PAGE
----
Jess, this page clearly has pov issues. As to concordant leaks being anti-catholic, it's obviously anti-catholic. Asking for a source on that is unreasonable, almost like asking for a source on calling Neo-Nazi website anti-Semitic. Furthermore, this has been discussed on this page before. I will revert back to fico's edit. -- (talk) 07:28, 24 September 2011 (UTC)
I'd ask that you please don't edit war. I see no other discussion of adding the "anti-catholic" prefix to the description, and consensus should be established for such an addition before it is reintroduced. Frankly, I think the "separation of church and state" descriptor is probably a bit much too, so it might be better to just remove the whole concordantwatch thing altogether. I see it picked up nowhere in secondary sources (correct me if I'm wrong). That said, whether it's left in or not, we can't describe it like that without sourcing. Perhaps you have a better source for some of this content? I'd certainly welcome it!   — Jess· Δ 20:00, 24 September 2011 (UTC
Nobody is edit-warring- there's just a consensus here that the site is anti-catholic. Also, the website says that it is 'for the separation of church and state' ( so there is nothing wrong with noting that here. No source is really needed to call it anti-catholic, as that is self evident by reading it. Here is a source though from a catholic source deeming the cite anti-catholic ( If a Jewish source was to term something anti-Semitic we'd note that, so we'll note that here too. Also, the site relies heavily on news articles from atheistic and militant sensualist websites (with self-proclaimed agendas against religion). Please cease removing the anti-catholic comment. There is a consensus among editors and there is now evidence that the site has been termed anti-catholic by catholic sources. -- (talk) 21:42, 25 September 2011 (UTC)
We can't add content to the article based on the opinions (even the majority opinions) of editors here. We need a reliable source for such a descriptor, and even if we had one, we'd have to attribute it. We can't simply state such a thing in wikipedia's voice. Please see WP:V - the threshold for inclusion on wikipedia is verifiability, not truth. You are, indeed, edit warring (see WP:EW), which is disruptive, and I'd kindly ask that you stop. The "source" you provided to is to a forum, which is not a reliable source. Do you have a reliable, secondary source which deems the site anti-catholic. That all said, I'd like to remove the entire thing, and I'm going to boldly do that now, hoping that it will be a reasonable compromise. If you find that compromise unacceptable, please discuss the matter further here, per guideline at WP:BRD, and don't simply reintroduce the "anti-catholic" descriptor without discussion. Thank you.   — Jess· Δ 06:18, 26 September 2011 (UTC)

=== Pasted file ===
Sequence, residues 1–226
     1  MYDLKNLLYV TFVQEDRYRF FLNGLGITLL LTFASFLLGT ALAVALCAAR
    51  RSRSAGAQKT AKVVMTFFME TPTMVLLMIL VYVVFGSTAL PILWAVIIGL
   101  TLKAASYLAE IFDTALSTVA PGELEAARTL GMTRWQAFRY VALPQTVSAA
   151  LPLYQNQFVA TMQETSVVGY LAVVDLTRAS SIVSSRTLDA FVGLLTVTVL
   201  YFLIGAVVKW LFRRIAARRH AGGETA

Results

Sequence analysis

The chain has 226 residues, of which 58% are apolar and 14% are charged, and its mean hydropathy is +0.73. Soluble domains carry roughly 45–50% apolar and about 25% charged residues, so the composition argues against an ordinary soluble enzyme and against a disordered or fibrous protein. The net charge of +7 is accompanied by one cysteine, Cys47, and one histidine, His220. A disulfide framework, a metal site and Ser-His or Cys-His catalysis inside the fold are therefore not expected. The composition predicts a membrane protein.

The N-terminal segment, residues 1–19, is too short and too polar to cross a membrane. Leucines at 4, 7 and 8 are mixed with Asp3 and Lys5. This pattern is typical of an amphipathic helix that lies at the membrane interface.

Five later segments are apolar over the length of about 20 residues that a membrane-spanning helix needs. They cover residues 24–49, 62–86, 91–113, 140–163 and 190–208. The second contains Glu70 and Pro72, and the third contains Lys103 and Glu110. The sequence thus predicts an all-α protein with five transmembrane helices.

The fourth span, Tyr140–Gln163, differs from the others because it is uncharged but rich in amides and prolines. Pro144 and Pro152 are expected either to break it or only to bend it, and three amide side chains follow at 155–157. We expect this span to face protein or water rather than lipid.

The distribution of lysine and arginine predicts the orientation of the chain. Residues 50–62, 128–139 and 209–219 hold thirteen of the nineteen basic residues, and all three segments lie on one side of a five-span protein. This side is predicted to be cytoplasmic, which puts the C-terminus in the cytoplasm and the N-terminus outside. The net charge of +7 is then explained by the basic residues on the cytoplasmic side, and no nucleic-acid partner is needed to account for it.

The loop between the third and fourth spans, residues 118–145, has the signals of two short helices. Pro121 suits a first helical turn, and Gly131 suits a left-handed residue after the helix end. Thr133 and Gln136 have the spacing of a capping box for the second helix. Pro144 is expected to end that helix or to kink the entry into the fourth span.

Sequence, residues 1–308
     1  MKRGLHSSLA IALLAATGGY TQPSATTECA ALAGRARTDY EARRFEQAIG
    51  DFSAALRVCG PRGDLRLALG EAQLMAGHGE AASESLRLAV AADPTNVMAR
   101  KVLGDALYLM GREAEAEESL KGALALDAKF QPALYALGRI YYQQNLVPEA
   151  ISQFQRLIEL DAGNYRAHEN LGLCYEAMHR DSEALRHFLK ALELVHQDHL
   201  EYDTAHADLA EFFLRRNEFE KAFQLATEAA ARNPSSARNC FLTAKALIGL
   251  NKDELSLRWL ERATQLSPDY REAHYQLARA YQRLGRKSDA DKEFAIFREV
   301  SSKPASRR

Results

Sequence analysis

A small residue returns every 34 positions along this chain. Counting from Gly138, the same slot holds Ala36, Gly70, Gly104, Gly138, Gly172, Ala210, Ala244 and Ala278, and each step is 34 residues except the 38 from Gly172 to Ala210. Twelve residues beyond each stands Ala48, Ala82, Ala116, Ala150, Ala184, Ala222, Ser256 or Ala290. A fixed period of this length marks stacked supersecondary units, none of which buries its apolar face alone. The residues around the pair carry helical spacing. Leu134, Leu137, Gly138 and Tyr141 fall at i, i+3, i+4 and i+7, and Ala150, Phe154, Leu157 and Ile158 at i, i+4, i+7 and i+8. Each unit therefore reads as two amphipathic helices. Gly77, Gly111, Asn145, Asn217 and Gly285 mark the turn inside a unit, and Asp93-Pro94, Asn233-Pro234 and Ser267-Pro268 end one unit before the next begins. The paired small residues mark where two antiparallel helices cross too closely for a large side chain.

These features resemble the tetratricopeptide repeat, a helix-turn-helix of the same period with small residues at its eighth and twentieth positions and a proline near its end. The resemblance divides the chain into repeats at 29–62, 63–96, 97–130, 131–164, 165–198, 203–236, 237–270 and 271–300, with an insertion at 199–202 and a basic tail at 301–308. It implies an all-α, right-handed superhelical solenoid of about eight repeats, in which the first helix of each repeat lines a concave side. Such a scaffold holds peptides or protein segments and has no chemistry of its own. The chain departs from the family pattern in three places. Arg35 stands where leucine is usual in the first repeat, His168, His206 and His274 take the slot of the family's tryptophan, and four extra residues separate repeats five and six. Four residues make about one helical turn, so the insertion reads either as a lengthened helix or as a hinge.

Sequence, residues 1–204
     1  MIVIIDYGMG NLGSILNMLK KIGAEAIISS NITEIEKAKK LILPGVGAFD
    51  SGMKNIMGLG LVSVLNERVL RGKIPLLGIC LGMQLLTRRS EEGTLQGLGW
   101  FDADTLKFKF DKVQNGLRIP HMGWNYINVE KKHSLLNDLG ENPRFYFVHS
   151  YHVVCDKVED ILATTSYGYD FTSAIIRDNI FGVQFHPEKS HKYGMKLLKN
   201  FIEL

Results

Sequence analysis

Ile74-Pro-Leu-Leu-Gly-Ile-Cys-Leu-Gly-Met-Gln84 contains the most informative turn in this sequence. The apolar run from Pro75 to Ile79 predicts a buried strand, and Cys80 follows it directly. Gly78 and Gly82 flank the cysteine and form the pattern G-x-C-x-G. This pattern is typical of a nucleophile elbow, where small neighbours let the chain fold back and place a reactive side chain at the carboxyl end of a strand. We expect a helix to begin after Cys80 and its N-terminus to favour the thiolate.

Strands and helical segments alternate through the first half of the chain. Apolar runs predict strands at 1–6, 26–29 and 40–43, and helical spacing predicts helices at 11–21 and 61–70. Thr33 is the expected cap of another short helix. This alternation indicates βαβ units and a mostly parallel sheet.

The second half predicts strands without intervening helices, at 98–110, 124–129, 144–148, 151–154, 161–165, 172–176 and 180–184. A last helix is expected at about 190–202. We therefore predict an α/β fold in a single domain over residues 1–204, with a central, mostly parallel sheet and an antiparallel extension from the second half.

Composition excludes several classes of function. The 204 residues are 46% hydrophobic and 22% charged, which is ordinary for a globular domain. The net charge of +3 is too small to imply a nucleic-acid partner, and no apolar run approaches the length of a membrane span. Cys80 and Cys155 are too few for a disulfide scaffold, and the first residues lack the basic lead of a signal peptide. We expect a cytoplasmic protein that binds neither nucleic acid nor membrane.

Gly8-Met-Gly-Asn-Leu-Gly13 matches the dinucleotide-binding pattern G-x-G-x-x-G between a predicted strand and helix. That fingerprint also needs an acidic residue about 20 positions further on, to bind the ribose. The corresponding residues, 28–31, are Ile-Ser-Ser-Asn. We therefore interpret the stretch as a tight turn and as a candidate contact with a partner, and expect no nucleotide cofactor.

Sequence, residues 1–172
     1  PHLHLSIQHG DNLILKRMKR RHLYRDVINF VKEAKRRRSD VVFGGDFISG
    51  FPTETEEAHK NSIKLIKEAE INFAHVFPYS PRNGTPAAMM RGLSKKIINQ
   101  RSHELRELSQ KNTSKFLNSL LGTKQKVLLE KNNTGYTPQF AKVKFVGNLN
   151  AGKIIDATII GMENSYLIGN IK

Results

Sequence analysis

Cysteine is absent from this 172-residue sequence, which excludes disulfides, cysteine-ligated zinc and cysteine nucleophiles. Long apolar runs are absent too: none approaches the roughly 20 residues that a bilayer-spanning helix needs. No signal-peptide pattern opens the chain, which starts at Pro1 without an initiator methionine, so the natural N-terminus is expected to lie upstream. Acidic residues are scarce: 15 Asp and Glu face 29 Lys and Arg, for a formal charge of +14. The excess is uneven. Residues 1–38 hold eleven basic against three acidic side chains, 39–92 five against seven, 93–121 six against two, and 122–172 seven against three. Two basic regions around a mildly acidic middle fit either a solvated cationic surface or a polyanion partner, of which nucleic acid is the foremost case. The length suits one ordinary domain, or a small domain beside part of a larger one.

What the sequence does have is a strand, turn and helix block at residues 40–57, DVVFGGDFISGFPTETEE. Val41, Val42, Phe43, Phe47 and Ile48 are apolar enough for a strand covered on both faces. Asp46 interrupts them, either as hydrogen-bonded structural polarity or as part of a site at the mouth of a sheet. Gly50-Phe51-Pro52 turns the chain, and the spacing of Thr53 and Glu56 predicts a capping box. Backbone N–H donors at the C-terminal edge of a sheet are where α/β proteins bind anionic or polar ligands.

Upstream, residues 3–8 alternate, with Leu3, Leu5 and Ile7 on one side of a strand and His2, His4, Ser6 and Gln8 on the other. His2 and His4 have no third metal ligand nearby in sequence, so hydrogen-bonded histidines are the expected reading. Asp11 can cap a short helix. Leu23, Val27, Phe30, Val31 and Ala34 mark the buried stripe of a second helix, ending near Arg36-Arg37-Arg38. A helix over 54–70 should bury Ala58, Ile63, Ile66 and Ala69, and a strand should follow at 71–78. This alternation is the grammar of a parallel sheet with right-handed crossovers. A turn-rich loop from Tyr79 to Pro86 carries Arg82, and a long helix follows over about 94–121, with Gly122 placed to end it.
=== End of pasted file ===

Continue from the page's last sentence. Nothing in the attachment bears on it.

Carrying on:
Jess, thanks for removing that material. While what stands right now is a lot better than what was there, it is currently not sourced and and when it was it came from concordatwatch. What I'll do now is change the wording slightly so as to make the reader aware the concordats are literally just treaties under different names, and that any criticism of them being undiplomatic should be directed at the treaty signing process in general, not at specifically concordats. I'll work to have this reflected on the criticism page as well. --Fictio-cedit-veritati (talk) 19:50, 6 October 2011 (UTC)
Hi Fictio. I partially undid one sentence of your proposal, which I explained in my edit summary. If my reasoning there isn't clear, let me know here and we can discuss it further. Thanks!   — Jess· Δ 20:35, 6 October 2011 (UTC)
Hi Jess- the fact that concordats are what the Holy See calls treaties is what I would consider common knowledge; wikipedia mentions as much on other pages concerning concordats as well. Any law textbook in International Law will explain the international personality of the Holy See and thus their power to create and enter into treaties. The way in which the concordats are signed was sourced, the source being the Vienna Convention on the Law of Treaties. You can read the convention if you want- it lays out how treaties are signed (and yes, some might call that undemocratic). Given this, do you still take issue with my sentence?